Spectre Sam Mendes

Spectre Sam Mendes
7
Somewhere along the line — between Jason Bourne's reign of supremacy and Jason Statham saying "yes" to seemingly every action movie that came his way — Layer Cake star Daniel Craig came along and helped usher in a new, more serious series of films in the 007 franchise. Gone were the gizmos (well, for the most part) and one-liners of earlier editions; in its place was a more brooding and stoic James Bond.
 
Three films and nearly a decade since he took on the job, Craig is back as everybody's favourite secret agent in the Sam Mendes-directed Spectre, and although reports differ on whether or not Craig will reprise his role for another entry in the series, it's hard not to feel like this is the end of an era rather than a stepping stone to another Bond film.
 
While previous films focused on feelings of guilt, pain and, ultimately, redemption, Spectre has a strange sense of levity to it. Part of that has to do with its humour; this is the first film in a while with lines that could be described as "zingers," and although the tired Bond girl trope is still ever-present, scriptwriter John Logan and his crew try their best to deconstruct and dismantle 007's womanizing and alcohol-swigging ways by filling the film with jokes at his expense (hell, he even drinks a dirty martini at one point).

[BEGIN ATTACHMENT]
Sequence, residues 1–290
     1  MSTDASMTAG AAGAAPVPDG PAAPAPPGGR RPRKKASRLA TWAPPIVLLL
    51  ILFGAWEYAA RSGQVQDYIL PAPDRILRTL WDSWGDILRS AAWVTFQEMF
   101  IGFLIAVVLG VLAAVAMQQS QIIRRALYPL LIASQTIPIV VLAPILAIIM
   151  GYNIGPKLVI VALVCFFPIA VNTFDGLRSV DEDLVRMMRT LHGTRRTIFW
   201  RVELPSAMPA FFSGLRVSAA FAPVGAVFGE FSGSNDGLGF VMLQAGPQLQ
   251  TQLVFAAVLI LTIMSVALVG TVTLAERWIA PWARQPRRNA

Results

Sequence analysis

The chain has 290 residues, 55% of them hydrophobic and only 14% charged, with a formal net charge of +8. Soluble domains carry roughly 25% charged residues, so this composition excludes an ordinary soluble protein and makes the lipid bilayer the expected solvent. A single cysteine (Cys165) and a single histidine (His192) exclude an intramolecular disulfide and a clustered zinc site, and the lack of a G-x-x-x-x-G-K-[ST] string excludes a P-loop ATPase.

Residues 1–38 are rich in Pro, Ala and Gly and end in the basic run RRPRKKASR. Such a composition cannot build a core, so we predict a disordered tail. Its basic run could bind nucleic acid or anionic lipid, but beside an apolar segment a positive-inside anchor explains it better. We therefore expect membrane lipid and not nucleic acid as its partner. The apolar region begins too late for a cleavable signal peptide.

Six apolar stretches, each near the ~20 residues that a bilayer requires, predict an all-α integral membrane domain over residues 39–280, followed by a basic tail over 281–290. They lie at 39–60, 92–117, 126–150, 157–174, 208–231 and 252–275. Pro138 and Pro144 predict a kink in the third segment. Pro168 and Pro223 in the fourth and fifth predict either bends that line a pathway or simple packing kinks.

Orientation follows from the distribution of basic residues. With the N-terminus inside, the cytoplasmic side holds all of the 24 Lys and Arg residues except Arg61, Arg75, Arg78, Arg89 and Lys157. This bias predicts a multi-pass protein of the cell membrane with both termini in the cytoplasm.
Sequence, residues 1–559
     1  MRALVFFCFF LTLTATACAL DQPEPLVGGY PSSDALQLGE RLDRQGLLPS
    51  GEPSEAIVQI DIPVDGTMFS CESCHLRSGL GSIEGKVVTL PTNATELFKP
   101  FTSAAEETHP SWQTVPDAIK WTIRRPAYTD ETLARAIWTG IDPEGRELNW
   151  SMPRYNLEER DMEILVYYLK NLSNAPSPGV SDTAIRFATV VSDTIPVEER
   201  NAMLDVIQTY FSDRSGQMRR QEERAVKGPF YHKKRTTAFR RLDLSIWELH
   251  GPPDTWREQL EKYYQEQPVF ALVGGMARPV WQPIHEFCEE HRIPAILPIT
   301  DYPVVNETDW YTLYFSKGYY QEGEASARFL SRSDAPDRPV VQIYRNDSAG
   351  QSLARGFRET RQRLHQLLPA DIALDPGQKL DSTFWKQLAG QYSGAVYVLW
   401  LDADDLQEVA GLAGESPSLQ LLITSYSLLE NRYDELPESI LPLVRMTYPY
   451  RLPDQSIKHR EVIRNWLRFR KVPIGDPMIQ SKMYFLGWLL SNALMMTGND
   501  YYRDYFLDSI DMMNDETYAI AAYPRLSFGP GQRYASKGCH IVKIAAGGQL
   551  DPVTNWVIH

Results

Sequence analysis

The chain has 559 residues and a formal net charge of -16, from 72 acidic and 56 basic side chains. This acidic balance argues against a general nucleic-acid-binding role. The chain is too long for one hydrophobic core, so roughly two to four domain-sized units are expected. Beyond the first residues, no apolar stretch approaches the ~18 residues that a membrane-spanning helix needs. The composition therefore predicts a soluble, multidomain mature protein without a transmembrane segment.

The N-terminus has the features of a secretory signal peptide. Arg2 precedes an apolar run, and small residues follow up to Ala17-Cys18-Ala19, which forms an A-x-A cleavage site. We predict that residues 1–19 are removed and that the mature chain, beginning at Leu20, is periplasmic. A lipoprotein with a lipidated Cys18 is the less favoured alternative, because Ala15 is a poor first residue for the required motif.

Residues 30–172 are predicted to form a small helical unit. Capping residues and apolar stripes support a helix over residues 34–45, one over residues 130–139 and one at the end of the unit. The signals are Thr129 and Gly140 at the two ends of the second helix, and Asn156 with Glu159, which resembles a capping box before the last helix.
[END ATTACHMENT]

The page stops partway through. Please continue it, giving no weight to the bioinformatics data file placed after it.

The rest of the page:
Following one of the most visually satisfying and elaborate opening scenes ever found in a 007 flick, Bond starts to discover that all the enemies from his last few films aren't independent, but rather part of a larger network of malevolent maniacs led by Franz Oberhauser (played by villain du jour Christoph Waltz), a self-sufficient psychopath with secret ties to Bond as a boy.
 
The Illuminati-esque organisation creates more questions than it answers, but that doesn't seem to be the point here. Compared to Craig's previous three appearances, Spectre is a return to the Bond of old, what with its exploding watches, Aston Martins, fight scenes on speeding trains and wordless baddies (Dave Bautista as Hinx, who acts like Jaws and Oddjob were rolled into one). Spectre ultimately feels more run-of-the-mill than revolutionary, but this is a series that was never high on innovation to begin with. Instead, it hits all the expected notes, and while that may be boring to some, it also creates the perfect base level to build off of for its next iteration.


  (Sony)